Captain America has been revealed to be a HYDRA agent all along and doesn’t this emphasize everything wrong with superhero comics today?
When The Outhousers released the spoilers for Captain America: Steve Rogers #1 the night before its release last week, fans clamored to discredit the website citing it as “unreliable,” “the comic version of The Onion,” and “satire” in an effort to brush aside the original spoiler panel of Steve in full Captain American uniform saying, “Hail HYDRA.” Understandable, this is a huge retcon of Steve Roger’s overall character and the name of Captain America. A legacy of a name built up over 75 years — in fact, Captain America just celebrated his 75th anniversary recently — and fans feel rightly protective.
Continue reading “Captain America is HYDRA and Everything Wrong with Big Two Comics”
We are a couple months out from DC Comics’ soft reboot of their entire line up. One of the changes that will be coming this summer is that long time DC artist — and friend of the NOC — Bernard Chang will be shifting from Green Lantern Corps to art duties on Batman Beyond!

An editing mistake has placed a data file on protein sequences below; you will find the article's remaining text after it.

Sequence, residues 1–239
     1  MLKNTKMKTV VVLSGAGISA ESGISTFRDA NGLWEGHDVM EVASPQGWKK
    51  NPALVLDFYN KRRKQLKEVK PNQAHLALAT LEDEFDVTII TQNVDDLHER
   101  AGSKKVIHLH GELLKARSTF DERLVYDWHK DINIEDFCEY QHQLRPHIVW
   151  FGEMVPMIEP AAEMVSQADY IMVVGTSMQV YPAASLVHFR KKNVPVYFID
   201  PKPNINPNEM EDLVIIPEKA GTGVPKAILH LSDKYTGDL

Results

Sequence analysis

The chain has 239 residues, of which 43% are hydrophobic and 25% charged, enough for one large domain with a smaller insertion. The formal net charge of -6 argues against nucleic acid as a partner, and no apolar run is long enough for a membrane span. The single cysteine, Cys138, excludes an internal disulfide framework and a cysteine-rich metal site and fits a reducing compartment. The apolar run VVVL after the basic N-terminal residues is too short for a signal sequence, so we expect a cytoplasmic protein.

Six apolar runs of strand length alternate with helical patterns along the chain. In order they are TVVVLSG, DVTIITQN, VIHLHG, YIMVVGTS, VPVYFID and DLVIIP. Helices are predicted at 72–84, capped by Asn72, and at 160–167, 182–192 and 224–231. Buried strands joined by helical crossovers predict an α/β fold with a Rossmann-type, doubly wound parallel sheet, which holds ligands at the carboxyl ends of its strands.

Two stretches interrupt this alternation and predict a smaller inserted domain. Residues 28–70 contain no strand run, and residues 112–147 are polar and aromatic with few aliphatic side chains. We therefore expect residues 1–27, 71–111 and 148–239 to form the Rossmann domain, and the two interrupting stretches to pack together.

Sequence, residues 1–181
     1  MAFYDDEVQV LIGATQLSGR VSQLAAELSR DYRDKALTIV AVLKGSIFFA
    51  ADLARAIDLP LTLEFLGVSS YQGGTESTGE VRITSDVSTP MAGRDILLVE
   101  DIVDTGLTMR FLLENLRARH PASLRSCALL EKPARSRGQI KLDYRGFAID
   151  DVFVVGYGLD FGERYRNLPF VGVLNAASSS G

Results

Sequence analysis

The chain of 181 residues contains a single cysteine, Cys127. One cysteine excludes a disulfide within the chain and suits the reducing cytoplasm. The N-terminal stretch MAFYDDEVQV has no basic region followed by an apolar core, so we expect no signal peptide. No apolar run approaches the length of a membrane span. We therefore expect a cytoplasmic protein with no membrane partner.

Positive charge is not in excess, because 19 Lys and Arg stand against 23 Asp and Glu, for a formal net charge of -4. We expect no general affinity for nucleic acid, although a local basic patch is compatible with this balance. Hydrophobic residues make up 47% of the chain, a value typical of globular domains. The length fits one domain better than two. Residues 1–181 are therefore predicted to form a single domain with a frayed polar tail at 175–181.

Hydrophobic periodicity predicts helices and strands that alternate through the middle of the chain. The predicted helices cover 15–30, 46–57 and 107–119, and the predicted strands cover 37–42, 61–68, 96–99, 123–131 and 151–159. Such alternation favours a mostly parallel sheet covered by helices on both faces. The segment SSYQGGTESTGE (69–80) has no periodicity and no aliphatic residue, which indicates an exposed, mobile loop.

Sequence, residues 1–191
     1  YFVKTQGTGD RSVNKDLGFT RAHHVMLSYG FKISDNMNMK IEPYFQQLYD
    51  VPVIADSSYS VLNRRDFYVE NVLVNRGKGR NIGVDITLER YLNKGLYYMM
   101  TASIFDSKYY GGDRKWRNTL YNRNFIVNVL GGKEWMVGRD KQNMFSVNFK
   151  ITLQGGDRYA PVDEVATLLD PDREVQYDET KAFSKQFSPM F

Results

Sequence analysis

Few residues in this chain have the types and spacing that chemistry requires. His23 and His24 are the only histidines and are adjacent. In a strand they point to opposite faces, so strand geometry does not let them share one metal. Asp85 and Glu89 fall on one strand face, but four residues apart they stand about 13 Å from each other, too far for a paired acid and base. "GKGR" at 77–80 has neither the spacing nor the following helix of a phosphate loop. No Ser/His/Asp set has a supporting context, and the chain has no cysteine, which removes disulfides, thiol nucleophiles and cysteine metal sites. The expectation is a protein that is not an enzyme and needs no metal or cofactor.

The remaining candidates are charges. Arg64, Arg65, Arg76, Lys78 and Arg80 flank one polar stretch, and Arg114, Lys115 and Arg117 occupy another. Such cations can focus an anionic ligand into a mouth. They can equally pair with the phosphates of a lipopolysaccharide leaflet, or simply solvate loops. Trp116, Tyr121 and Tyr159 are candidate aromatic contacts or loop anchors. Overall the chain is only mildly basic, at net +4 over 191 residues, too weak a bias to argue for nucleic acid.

To celebrate the Green Lantern Corps fans and reward them for their loyalty for the last two years, Bernard will be giving away original interior art from his run on the book on Instagram!
Continue reading “Bernard Chang is Giving Away Original Green Lantern Corps Art”
Can it be? Am I actually excited about DC Comics? Again? I’ve made no bones about my aversion to the company-wide reboot of 2011, but it seems that starting this summer, DC is dropping the The New 52 branding and starting fresh with all-new books, and a diverse and wide-ranging roster of talent, including — full disclosure — several friends and alums from the SIUniverse! So maybe I’m a little biased.
Continue reading “No 52: The New Era of DC Comics Looks Promising”